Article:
Poverty and Education
The recently released Census report on the state of poverty in the United States confirms what many have suspected for some time, this recession has reversed many quality of life gains made by Americans, especially the middle-class, in the last decade. Another piece of disturbing news from the Census report is that Blacks and Hispanics have been disproportionally affected by the crisis. The reason I highlight this point is not to diminish or underestimate the paints others have endured but to stress the significant role education can potentially play in poverty alleviation.
Let me review some of the reports’ most relevant findings with regards to how minorities have fared in this recession. According to the Census, per capita income for Blacks went down by $201 from $18,336 to $18,135. For Hispanics, this figure shrank by $552,from $15,615 to $15,063. Household income for Blacks and Hispanics was reduced to close to 1998 levels. At the same time, Asian Americans, although they were wounded by the turmoil as well, continued to enjoy the highest income levels of any ethnic group. As is assumable from these figures, Black and Hispanic families also amounted to the largest percentage of the population who fell below the poverty line and they also constituted the greatest share of the uninsured.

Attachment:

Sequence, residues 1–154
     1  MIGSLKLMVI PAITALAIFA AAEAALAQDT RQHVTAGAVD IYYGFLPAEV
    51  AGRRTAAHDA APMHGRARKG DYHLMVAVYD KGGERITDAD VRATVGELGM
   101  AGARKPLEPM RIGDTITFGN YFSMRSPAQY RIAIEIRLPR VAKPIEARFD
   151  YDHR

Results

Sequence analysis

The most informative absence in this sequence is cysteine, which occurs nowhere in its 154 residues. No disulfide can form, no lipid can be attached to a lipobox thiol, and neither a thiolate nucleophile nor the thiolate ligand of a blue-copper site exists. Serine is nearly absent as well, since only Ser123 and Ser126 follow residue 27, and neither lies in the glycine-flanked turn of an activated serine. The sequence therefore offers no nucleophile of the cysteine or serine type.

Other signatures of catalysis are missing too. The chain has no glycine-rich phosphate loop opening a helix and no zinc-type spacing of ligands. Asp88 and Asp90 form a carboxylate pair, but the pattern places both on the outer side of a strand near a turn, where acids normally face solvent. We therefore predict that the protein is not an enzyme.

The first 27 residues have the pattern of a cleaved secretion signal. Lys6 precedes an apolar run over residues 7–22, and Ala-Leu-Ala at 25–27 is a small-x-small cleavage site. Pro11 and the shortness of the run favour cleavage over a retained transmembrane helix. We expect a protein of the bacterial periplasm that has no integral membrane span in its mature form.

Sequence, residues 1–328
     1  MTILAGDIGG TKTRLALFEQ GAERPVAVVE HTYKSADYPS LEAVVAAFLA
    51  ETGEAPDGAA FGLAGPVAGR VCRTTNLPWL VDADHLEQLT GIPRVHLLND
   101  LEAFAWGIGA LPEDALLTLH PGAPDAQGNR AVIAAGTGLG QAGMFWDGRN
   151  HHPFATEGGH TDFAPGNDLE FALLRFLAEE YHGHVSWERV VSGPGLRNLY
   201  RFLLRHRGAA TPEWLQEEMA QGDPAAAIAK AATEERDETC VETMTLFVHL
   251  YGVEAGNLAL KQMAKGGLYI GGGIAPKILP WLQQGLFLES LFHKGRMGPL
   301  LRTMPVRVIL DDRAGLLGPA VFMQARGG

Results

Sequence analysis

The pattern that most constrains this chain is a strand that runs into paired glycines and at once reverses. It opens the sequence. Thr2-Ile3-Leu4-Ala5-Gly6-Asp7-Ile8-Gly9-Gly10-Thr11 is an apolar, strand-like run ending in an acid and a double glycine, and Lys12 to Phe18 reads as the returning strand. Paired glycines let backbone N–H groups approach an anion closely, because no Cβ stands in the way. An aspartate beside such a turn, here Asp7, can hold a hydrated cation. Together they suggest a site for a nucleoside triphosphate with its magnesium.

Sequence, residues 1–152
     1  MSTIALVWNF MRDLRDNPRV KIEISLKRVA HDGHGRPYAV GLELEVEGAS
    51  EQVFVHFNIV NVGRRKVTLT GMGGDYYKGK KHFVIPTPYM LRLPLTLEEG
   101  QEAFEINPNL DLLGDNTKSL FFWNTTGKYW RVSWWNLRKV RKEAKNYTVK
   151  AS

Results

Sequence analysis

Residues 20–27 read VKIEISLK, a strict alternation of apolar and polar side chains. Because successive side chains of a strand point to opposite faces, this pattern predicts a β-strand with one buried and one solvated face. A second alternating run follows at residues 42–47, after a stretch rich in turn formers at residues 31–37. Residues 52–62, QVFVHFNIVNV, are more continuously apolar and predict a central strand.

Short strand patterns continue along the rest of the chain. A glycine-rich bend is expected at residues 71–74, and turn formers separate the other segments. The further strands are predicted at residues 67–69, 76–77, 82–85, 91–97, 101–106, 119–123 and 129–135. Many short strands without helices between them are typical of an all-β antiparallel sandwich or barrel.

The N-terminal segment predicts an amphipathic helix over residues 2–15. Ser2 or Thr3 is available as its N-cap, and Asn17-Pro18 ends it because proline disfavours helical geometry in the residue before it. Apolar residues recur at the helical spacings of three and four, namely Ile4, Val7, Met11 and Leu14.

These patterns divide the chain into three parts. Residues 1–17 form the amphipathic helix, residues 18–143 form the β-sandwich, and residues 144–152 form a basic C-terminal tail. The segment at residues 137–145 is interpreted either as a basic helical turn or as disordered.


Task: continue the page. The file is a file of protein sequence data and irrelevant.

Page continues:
There is no fluke about these numbers. Blacks and Latinos have one of lowest educational attainments around while Asian Americans surpass any group in scores. In 2007, the Census reported that close to 40 percent of all Hispanics did not finish high school; Blacks faired only slightly better with an 18 percent no graduation rate. These two groups earned just 13 and 10 percent of all Bachelors and 3 and 6 percent of the advanced degrees, respectively.
This picture sends a clear message about how much we need to continue to invest in education. To start, it is time we recognize that the notion of test driven accountability is not the only, or the whole solution for that matter, to this critical social problem. We also need to find innovative policies intended to desegregate our school districts and diminish the sense of social isolation among some minority students. All our youth deserves decent educational opportunities too, including the approximately 65,000 undocumented prospective students, many of them Hispanics, who are eagerly waiting for passage of the DREAM Act to realize their slice of the American dream.